There are currently 12 rules on the site but rather than just list them, the site also offers ways to erase them through:
Donating to initiatives
Forms of activism against them
You can also send in your own anonymous stories related to these unwritten rules.
I follow Paul Ford on Twitter and I love his humour and intellect. So when I found this 99U talk called “Finding Inspiration in Procrastination”, I jumped at the chance to watch.
Something funny happened on Paul Ford’s way to developing his dream project: he found about 1,000 reasons not to do it. “When you need to do a thing, everything you do is about the thing you’re not doing.”
Like many of us, I procrastinate a lot. In fact, I should be washing up right now and instead I’m writing this. But it’s good to know you can do it without feeling guilty and that there are inspirational takeaways from those deviations.
Sometimes you just need someone to be there for you, especially during times like this. Not to say or do anything—just be there. Shoji Morimoto, a 37-year-old Tokyo man, can offer that service for ¥10,000 per request (about £71 or $96).
Shoji Morimoto has been advertising himself as a person who can “eat and drink, and give simple feedback, but do nothing more,” since June 2018, and has received over 3,000 requests.
His work has garnered high praise from his clients and people on Twitter:
“I’m glad I was able to take a walk with someone while keeping a comfortable distance, where we didn’t have to talk but could if we wanted to.”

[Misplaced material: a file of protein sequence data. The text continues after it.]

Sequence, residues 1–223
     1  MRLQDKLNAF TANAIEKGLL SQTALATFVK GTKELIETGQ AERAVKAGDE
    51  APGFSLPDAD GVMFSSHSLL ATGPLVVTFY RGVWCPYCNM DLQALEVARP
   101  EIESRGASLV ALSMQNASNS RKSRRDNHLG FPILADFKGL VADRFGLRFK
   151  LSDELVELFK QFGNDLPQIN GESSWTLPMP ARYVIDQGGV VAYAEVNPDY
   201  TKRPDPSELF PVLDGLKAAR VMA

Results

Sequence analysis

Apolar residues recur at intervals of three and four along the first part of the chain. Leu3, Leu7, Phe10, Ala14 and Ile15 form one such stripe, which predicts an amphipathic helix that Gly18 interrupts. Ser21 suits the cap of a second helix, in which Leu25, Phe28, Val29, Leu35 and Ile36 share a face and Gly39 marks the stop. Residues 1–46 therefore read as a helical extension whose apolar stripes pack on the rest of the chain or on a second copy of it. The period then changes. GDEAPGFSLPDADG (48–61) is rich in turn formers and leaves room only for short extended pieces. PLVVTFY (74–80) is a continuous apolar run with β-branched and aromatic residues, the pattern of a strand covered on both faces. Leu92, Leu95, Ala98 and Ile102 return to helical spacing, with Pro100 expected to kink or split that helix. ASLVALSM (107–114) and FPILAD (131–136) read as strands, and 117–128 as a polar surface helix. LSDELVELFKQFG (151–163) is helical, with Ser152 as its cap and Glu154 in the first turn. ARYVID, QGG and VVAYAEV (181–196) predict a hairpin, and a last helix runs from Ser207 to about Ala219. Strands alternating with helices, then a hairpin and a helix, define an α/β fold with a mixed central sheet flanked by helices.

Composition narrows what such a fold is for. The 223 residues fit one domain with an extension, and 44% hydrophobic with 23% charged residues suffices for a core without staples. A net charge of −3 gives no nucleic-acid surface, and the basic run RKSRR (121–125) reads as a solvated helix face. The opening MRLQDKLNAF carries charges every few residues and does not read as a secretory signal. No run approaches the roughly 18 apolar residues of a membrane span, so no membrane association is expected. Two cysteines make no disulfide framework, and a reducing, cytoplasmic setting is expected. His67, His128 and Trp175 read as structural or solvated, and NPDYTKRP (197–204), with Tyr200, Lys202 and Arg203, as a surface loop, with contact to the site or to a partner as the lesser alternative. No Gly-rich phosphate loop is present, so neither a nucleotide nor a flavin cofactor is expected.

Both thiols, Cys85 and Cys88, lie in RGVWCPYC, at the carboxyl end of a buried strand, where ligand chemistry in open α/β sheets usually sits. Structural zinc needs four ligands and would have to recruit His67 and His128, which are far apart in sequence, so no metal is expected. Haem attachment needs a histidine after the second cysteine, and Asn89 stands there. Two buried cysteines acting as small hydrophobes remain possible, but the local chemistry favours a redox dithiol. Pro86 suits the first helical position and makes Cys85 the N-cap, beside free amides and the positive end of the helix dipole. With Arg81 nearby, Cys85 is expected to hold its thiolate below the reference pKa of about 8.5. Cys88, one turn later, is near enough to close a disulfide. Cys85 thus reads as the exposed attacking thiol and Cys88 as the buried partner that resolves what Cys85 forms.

“I had been slack about visiting the hospital, but I went because he came with me.”
“He listened to me without shaming me about going to the adult entertainment shop. It felt like a support to just have him by my side without forcing his opinions on me.”
dinos and comics is “a comic about depressed dinosaurs who find hope in each other”. I follow the Twitter account and find their comics light-hearted and amusing.
Today’s comic was particularly clever with the white dinosaur giving Rainbow T-Rex the mantras of capitalism (productivity or death), COVID (unproductivity or death), and the government (simply death).
In the piece, Róisín looked at some of the more interesting uses of parasitic architecture:
Really interesting parasitic design makes us look at a space that we may not even have realised was under-utilised. Fernando Abellanas designed a small studio for himself nestled between the concrete beams of a bridge in Valencia. The setting is brutal and urban but with Abellanas’ light materials and playful construction the installation has a cosy, dreamy quality to it, much like a child’s tree house. The structure is a platform suspended on wheels from the beams which can be moved along the underside of the bridge using a handcrank. Much like a swallows nest, the studio uses a high-up corner that most passers by wouldn’t even look at, let alone design an installation for.